No, but it is anti-competitive to deliberately sell things at a less and force your vendors to sell only to you in an effort to eliminate your competitors.

    “These casea are no-brainers: yet they somehow make it into the court system.”

    Again, you are offering anectodates, not actual cases. I can’t respond to anecdotes, particularly the kind churned by the US Chamber of Commerce and other tort “reform” groups. If you meant the case where the woman suffered third degree burns from McDonald’s coffee, let me assure that there is MUCH more to that case. If you want a system where “frivolous” lawsuits cannot even be FILED, then you do not want a just court system. That’s like saying you want a guarantee that innocent people will never be charged with a crime. You can either have a system where everyone who has been wronged has the ability to seek redress, or you can have a system where cases you think are “no brainers” cannot even be filed, let alone brought to trial and sustained on appeal. You can’t have both.

  9. “Nope. That’s, at best, an indirect benefit. If you work in a unionized shop in a “right to work” state, you get a direct benefit (more time off, better bennies, etc.). That’s the “free rider” problem.”

    Workers manage to do this without unions, by being better workers. Gaining more skill and experience. They actual move ahead the old fashioned way; by earning it.

    You also forget the “Direct benefit” of when unions steal members’ money to use for political campaigns, and do all they can to encourage the company to close the factory.

    Getting rid of health-care unions? Although they have a damaging effect on health care when they are pitted against non-profit hospitals, that was indeed a poor choice of words by me. I’d reduce their power to something that legitimtely represents the workers.; make them legitimate by only haveing members that want to be in.

    I don’t have anything against any worker choosing to give money (or not give money) to any union.

    Wal-Mart does not force vendors only to sell to them.

    Yes, the McDonalds case, where the woman bought the same coffee at the same place that she had drank before (Same temperature, too). Only this time, she did something stupid with it, and used the court system in an entirely frivolous manner to get the blameless to pay for her mistake.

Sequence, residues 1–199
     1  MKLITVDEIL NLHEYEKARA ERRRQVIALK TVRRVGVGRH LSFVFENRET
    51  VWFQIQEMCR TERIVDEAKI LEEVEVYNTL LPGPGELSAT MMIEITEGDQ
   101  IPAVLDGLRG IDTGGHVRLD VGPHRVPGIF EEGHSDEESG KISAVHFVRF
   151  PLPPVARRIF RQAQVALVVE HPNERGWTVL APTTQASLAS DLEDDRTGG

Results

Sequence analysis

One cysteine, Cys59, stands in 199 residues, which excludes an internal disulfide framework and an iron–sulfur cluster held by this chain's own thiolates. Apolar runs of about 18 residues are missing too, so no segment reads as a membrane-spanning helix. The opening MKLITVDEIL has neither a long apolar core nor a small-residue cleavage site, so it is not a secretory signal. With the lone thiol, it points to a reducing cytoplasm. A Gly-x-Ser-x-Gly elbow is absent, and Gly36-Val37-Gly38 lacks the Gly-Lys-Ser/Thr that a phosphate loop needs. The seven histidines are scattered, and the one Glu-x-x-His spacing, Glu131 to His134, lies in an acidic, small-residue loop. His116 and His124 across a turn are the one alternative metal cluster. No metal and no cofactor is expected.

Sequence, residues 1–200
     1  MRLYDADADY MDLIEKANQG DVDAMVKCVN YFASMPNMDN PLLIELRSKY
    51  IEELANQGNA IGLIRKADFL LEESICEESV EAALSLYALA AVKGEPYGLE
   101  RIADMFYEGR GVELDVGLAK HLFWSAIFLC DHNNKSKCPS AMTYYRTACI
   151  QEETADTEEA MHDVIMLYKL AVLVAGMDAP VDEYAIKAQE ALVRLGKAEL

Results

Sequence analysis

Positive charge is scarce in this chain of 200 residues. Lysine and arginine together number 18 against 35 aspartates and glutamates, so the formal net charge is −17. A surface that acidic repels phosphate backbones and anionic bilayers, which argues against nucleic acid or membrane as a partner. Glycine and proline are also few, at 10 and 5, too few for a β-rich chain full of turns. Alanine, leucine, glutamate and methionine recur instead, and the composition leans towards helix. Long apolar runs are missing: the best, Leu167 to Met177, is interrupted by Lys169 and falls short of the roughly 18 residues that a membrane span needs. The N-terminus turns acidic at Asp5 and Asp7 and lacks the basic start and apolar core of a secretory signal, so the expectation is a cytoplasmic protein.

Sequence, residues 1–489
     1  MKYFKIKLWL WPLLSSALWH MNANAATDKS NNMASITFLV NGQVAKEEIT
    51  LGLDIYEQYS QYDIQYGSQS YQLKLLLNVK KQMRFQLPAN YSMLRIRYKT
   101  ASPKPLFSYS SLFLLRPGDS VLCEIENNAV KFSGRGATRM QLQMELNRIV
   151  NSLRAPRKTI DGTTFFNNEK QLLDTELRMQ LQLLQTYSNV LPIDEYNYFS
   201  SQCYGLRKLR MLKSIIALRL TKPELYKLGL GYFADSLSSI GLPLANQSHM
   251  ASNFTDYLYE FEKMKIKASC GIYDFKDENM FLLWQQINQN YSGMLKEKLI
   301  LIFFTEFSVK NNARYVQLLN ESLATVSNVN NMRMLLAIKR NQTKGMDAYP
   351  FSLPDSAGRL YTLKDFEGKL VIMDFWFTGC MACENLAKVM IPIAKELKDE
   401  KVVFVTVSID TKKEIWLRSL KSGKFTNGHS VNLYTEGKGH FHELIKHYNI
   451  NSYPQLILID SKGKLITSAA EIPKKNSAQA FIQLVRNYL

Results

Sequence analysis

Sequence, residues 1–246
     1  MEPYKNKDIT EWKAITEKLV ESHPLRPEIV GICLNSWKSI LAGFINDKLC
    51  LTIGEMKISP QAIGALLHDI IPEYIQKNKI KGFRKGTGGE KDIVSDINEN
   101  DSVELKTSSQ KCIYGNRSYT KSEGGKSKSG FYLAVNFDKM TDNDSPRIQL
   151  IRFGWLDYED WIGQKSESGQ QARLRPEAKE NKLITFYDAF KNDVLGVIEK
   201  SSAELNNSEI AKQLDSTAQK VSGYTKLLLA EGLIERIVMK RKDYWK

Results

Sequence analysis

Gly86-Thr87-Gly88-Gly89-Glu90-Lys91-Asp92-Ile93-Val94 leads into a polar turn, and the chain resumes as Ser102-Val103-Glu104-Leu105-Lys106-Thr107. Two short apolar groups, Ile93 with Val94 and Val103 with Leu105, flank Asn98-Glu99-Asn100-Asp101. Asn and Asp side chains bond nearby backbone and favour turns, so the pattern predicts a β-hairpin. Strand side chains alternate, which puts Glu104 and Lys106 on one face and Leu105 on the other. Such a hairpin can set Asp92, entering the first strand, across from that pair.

I want a system where “everyone who has been wronged has the ability to seek redress”. The McDonald’s case clearly does not count: the woman wronged herself. IT would be justice if the plaintiffs and lawyers who filed these frivolous suits were fined.

    All actual cases are anecdotes.

  10. “Workers manage to do this without unions, by being better workers. Gaining more skill and experience. They actual move ahead the old fashioned way; by earning it.”

    American workers are some of the most productive in the world, beating even Japan, and yet they have less job security. And, uh, union workers don’t work? And given that unions are VASTLY more powerful in, among other places, Europe, how do you explain their economic power?

    “Wal-Mart does not force vendors only to sell to them.”

    Ask Toys-R-Us about that.

    “The McDonald’s case clearly does not count: the woman wronged herself.”

    Uhm, no. Actually, that’s not the facts of that case at all. Not even close. And it’ll take too long in a comments section. Maybe I should do a whole post on that.

    “All actual cases are anecdotes.”

    No, actual cases are the OPPOSITE of anecdotes. An anecdote is something you heard somebody say. An actual case is something you can cite for me. And the only actual case you alluded to is the McDonald’s coffee case and you got the facts wrong.

    By the way, if I haven’t mentioned it before, I appreciate your comments. It’s great to have someone on here who disagrees with me. Way more fun.